Confounding Between Taste Heterogeneity and Error Structure in Discrete Choice Models
Stephane Hess, John Polak, CTS-Imperial College, UK; Michel Bierlaire, EPFL , CH
This paper discusses the issue of confounding between taste heterogeneity and error structure in discrete choice models
The past decade has seen substantial advances in the specification flexibility and estimation technology associated with discrete choice. In particular, it is now possible to accommodate both flexible patterns of inter-alternative correlation and random taste heterogeneity amongst agents. Although methods now exist to accommodate these two phenomena simultaneously (e.g. GEV mixture structures), it is still commonplace for these two phenomena to be considered separately. At the conceptual level, such a separation is entirely reasonable, however, in practice the distinction is by no means so clear-cut, and there is a significant risk of confounding. As an example, the random variations in the sensitivity to public transport fares will lead to correlation between the utility functions of various public transport alternatives, such that, in a misspecified model, this taste heterogeneity may be misrepresented as simple inter-alternative correlation such as that caused by the presence of shared unobserved attributes.
From this point of view, advanced mixture structures are not only a tool allowing for the joint representation of the two phenomena, but potentially also a means of avoiding misleading results caused by confounding in models allowing only for either of the two phenomena to have an effect. The aim of this paper is therefore to explore the issue of confounding between inter-alternative correlation and random taste heterogeneity and to illustrate how the use of advanced mixture structures can reduce the risk of biased results.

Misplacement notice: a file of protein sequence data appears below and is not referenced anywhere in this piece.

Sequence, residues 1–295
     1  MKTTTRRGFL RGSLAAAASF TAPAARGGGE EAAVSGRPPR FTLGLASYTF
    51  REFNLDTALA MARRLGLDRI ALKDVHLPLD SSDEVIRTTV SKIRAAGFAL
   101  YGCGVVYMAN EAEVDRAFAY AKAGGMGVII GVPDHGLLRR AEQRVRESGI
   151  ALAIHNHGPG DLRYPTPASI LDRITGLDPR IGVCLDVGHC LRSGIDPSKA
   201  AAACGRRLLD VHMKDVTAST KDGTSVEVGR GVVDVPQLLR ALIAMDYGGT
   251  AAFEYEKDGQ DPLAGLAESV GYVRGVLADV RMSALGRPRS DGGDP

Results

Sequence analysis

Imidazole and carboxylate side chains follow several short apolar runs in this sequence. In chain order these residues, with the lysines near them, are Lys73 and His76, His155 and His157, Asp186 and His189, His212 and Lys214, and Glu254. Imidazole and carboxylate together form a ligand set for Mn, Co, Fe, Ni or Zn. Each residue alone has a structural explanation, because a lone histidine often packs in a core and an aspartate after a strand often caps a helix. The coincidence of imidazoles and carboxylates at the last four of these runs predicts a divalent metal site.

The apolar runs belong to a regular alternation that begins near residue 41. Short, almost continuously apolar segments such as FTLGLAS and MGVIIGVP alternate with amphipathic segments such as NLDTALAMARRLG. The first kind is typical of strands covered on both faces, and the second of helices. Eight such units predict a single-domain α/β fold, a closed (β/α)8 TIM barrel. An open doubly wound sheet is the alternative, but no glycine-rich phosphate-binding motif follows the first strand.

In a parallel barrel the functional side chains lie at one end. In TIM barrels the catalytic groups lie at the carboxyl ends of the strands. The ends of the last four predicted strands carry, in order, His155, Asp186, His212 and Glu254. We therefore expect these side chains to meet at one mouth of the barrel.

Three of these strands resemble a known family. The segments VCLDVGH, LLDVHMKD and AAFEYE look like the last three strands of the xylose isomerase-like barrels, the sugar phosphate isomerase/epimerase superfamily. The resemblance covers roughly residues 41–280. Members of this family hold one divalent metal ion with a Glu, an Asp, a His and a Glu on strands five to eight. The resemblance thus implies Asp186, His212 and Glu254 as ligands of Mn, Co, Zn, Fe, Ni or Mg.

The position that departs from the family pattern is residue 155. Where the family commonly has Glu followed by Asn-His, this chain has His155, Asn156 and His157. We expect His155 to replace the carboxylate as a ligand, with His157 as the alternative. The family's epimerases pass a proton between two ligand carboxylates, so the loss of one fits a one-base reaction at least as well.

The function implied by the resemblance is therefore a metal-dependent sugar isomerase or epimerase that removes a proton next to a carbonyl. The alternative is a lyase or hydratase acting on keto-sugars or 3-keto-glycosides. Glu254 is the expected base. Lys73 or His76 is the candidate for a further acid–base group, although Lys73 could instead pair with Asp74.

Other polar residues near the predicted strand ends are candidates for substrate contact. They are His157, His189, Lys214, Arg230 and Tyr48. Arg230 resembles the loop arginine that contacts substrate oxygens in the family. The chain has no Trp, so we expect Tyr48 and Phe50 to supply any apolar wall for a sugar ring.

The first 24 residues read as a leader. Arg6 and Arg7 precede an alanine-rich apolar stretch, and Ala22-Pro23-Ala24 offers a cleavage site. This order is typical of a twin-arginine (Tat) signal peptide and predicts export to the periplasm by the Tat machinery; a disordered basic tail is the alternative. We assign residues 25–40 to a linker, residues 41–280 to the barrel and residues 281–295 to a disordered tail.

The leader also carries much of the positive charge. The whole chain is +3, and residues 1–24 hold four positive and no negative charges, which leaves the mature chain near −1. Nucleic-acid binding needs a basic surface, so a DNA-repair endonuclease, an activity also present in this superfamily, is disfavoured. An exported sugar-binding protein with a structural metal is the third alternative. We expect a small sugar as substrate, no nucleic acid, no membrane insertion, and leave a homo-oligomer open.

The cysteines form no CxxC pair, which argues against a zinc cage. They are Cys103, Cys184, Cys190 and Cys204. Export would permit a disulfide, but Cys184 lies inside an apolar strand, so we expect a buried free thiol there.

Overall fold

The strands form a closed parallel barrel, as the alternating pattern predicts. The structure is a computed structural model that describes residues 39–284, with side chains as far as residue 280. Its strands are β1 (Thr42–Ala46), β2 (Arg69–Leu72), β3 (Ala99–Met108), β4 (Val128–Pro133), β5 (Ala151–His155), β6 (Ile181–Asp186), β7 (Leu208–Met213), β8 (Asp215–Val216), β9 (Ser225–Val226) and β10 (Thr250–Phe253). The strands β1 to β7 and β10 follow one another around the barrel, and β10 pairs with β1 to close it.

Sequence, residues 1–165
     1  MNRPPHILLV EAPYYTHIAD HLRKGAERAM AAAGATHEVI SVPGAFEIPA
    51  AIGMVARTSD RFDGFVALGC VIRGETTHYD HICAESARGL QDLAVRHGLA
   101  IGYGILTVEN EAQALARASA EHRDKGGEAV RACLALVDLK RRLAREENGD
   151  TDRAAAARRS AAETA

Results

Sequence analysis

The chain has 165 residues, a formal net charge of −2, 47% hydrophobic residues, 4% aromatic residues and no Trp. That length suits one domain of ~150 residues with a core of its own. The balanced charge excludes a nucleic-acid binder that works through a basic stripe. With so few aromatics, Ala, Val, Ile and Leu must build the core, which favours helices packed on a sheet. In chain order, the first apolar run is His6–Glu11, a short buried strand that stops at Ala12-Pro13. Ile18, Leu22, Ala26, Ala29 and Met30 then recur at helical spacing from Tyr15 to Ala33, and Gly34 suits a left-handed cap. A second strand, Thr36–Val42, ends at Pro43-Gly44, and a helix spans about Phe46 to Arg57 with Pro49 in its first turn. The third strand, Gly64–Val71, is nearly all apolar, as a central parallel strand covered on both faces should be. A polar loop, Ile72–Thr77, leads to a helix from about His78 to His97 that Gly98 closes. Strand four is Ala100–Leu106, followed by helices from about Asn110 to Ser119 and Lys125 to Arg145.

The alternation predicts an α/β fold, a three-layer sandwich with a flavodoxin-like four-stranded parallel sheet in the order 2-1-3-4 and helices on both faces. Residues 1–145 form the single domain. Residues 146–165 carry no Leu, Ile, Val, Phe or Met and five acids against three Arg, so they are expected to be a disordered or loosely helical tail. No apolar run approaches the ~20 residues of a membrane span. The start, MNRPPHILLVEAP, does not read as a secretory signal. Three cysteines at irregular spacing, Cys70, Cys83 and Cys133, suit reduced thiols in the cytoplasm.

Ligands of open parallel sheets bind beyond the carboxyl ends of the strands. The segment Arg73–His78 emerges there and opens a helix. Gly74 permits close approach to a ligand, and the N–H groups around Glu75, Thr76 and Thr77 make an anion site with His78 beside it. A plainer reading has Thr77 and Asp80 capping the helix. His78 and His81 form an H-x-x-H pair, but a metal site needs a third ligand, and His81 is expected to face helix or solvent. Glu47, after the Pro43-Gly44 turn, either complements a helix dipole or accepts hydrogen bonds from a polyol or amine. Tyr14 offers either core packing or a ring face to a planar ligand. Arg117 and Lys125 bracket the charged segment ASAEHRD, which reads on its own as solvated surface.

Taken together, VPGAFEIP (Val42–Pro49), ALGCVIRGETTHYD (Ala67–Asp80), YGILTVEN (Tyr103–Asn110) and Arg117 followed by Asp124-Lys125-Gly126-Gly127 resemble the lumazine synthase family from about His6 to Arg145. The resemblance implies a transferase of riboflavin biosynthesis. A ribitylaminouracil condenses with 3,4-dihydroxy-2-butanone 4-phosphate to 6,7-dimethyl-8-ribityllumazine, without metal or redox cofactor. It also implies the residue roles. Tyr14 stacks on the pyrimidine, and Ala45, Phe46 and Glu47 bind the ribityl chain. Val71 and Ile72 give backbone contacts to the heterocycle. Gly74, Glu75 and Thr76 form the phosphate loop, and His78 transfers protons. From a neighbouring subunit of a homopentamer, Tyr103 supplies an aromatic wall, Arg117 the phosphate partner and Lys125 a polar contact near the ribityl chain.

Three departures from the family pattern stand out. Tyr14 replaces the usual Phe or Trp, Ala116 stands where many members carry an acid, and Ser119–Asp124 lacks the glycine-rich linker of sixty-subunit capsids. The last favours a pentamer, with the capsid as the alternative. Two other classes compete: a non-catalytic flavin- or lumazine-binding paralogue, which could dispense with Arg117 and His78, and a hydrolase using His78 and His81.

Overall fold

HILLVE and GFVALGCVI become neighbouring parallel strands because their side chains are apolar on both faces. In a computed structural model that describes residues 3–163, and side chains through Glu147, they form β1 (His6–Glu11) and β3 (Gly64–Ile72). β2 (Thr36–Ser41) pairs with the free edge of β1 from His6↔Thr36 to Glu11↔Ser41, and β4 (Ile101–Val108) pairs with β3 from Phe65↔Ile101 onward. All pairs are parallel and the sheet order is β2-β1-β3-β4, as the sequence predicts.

While the issue of confounding has been discussed by a number of authors, the results cannot easily be generalised, given the overwhelming reliance on real-world data, where the true error structure is not known. What is needed in this case is a systematic comparison using synthetic data, across a range of different scenarios. This is the approach taken in this paper, which however also looks at the issue on a theoretical level and aims to develop at least a basic specification test.
The theoretical part of the paper demonstrates how confounding between inter-alternative correlation and random inter-agent taste variations can arise, showing how allowing for only one of the two phenomena can produce results that are biased by the presence of the unmodelled effect. Although, in some cases, it is possible for the wrongly specified model to attain similar model fit, the risk of misinterpretation of findings persists. This relates to the implied cross-elasticities as well as to implications in terms of behaviour in the tails of the population.
It can be seen that two possible scenarios arise in which the issue of confounding can play a major role. The first case is one where, in the true model, only one of the two phenomena plays a role, but where the estimated model allows only for the other phenomenon to have an effect. Here, the effects of the unexplained phenomenon can lead to erroneous results showing an effect of the other phenomenon. In the second scenario, both phenomena play a role, but the model employed in estimation allows only for the presence of either of the two phenomena. Here, the presence of the second, unexplained phenomenon, can lead to biased estimates in relation to the other phenomenon.